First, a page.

Jarvis shares dive 75% on profit warning

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The Independent Online

Jarvis, the engineering firm that teetered on the brink of financial collapse two years ago, has unveiled a profit warning that has wiped 75 per cent off its share price.

Under its existing management team, led by the former London mayoral candidate Stephen Norris, Jarvis has worked hard to restructure its business after the massive debt-for-equity swap that saved the company in 2005. Jarvis has washed its hands of its disastrous move into the Private Finance Initiative market after disposing of a number of contracts in areas like facilities management and student accommodation over the past year and the company is now almost entirely focused on railway maintenance work.

However, yesterday's warning that its second-half profits would be well below what had previously been anticipated shocked the market, coming less than two months after a positive trading update. Shares in Jarvis, which have steadily risen this year, crashed 75 per cent to 20p, valuing the company at around £40m, a fraction of its £800m valuation earlier this decade.

The warning came as a result of problems across the business with combined profit shortfalls equating to £8m expected in the second half of the year.

Geoff Allum, a broker with KBC Peel Hunt, cut his profit forecast for the year to £6m, against the £14.5m he had previously pencilled in, and sliced £6m off his profit forecast for 2009.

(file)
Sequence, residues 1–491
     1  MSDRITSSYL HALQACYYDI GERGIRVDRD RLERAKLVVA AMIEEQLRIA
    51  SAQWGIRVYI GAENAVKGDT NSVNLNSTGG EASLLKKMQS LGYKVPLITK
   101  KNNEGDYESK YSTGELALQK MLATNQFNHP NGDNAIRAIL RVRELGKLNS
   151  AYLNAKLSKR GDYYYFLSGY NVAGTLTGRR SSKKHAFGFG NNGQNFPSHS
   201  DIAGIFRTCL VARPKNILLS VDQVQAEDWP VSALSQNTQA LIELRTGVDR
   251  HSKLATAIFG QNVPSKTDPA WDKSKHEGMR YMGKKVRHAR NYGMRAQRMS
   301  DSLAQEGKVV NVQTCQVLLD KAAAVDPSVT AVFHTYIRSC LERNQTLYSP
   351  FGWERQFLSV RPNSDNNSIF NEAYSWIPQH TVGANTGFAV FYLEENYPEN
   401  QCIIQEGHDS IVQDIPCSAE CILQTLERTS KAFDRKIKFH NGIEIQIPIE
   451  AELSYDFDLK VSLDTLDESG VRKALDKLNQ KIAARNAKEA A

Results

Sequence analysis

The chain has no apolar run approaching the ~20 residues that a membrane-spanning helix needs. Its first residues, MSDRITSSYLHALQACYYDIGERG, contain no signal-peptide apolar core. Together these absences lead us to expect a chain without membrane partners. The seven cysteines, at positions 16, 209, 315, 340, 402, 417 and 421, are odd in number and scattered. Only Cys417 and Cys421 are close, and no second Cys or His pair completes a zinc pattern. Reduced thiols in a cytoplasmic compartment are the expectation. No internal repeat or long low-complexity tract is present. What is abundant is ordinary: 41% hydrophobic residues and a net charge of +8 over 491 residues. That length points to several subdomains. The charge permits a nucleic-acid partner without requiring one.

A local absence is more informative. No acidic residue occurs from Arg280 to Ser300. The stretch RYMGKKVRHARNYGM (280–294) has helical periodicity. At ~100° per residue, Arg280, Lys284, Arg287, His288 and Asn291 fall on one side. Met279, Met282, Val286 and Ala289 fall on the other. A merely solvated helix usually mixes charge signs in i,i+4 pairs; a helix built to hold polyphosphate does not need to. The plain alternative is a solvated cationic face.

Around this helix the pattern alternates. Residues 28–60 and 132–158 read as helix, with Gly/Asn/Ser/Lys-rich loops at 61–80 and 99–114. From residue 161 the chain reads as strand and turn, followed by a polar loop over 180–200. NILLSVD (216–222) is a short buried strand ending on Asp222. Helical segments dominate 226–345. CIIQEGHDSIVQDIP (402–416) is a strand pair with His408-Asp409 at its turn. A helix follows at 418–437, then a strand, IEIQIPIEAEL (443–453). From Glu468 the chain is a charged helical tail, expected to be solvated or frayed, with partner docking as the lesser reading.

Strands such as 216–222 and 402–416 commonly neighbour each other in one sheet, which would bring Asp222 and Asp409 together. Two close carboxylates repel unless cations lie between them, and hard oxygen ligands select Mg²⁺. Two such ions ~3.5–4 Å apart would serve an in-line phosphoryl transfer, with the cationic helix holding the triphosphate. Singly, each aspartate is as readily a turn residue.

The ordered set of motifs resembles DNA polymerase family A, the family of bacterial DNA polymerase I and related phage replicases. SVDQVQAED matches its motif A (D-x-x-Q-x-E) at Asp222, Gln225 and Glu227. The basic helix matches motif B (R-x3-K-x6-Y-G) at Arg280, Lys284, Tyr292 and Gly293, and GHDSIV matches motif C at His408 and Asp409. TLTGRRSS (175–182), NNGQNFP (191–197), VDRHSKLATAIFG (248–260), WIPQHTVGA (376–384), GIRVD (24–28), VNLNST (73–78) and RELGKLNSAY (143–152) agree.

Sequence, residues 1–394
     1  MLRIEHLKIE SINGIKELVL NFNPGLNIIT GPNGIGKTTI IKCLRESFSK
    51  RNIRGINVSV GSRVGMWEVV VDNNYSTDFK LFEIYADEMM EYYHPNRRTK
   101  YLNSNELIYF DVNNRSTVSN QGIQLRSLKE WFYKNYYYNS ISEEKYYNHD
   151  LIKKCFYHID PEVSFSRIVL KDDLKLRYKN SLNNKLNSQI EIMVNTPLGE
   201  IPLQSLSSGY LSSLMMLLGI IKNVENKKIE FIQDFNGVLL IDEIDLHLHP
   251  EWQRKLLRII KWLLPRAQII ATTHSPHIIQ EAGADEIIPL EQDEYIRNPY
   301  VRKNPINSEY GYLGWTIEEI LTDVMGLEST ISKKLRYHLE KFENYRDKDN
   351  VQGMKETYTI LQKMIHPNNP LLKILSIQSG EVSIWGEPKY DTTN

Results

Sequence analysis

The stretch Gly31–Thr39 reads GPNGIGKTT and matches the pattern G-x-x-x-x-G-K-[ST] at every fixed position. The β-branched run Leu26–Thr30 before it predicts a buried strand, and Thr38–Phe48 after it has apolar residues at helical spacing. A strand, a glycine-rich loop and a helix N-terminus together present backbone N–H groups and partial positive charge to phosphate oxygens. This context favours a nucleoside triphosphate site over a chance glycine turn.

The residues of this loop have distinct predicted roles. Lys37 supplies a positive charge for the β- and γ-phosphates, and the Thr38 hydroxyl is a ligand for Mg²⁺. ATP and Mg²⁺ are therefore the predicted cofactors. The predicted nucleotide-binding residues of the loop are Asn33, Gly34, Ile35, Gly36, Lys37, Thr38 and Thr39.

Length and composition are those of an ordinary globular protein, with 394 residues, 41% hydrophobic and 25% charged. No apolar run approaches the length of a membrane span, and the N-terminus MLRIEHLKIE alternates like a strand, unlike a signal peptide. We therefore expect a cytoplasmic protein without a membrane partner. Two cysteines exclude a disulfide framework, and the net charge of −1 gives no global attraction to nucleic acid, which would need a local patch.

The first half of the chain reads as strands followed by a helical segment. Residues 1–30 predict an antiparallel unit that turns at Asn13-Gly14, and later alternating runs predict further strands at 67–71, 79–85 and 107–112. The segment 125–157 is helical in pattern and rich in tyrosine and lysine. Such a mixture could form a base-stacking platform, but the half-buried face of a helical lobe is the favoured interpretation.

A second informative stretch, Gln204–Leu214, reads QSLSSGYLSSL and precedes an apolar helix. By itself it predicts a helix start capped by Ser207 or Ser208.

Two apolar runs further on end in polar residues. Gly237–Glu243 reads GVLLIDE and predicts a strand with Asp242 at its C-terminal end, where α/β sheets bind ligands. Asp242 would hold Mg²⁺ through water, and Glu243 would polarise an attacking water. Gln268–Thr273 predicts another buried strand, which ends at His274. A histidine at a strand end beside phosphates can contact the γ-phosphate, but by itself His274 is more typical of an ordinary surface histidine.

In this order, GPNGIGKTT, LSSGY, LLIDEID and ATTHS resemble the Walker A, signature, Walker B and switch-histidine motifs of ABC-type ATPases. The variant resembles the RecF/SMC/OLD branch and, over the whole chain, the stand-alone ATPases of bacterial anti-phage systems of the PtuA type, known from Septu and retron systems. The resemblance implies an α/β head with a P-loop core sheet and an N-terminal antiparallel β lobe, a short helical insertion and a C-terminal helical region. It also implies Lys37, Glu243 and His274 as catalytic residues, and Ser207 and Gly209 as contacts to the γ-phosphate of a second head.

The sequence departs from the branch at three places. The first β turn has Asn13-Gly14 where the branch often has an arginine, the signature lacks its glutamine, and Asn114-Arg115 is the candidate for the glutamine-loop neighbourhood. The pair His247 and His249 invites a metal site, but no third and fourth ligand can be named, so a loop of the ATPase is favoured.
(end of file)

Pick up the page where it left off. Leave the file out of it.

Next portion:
Jarvis said that, while there has been a pick-up in rail work over the year, the type of work that it is winning is lower-margin than it had previously expected, with overhead-line work dominating as opposed to the more lucrative contracts for replacing tracks.

As well as replacing tracks, Jarvis also builds the machinery to do the work, lending out equipment to its rival contractors. However, a contract with Network Rail for track mach-ines has underperformed as the Government-owned body has been using the machines at off-peak times when it can pay lower rates. Jarvis also reported problems at its transport division, with one of its core customers deciding to buy white vans directly rather than sourcing them from the engineering company.

Jarvis maintained that the prospects for its rail renewal business are "extremely good" and dismissed concerns that it could be in danger of breaching its banking covenants. It described problems at its rail business as "disappointing" but said that, after a solid first half, it had made "considerable progress toward the recovery of the group".

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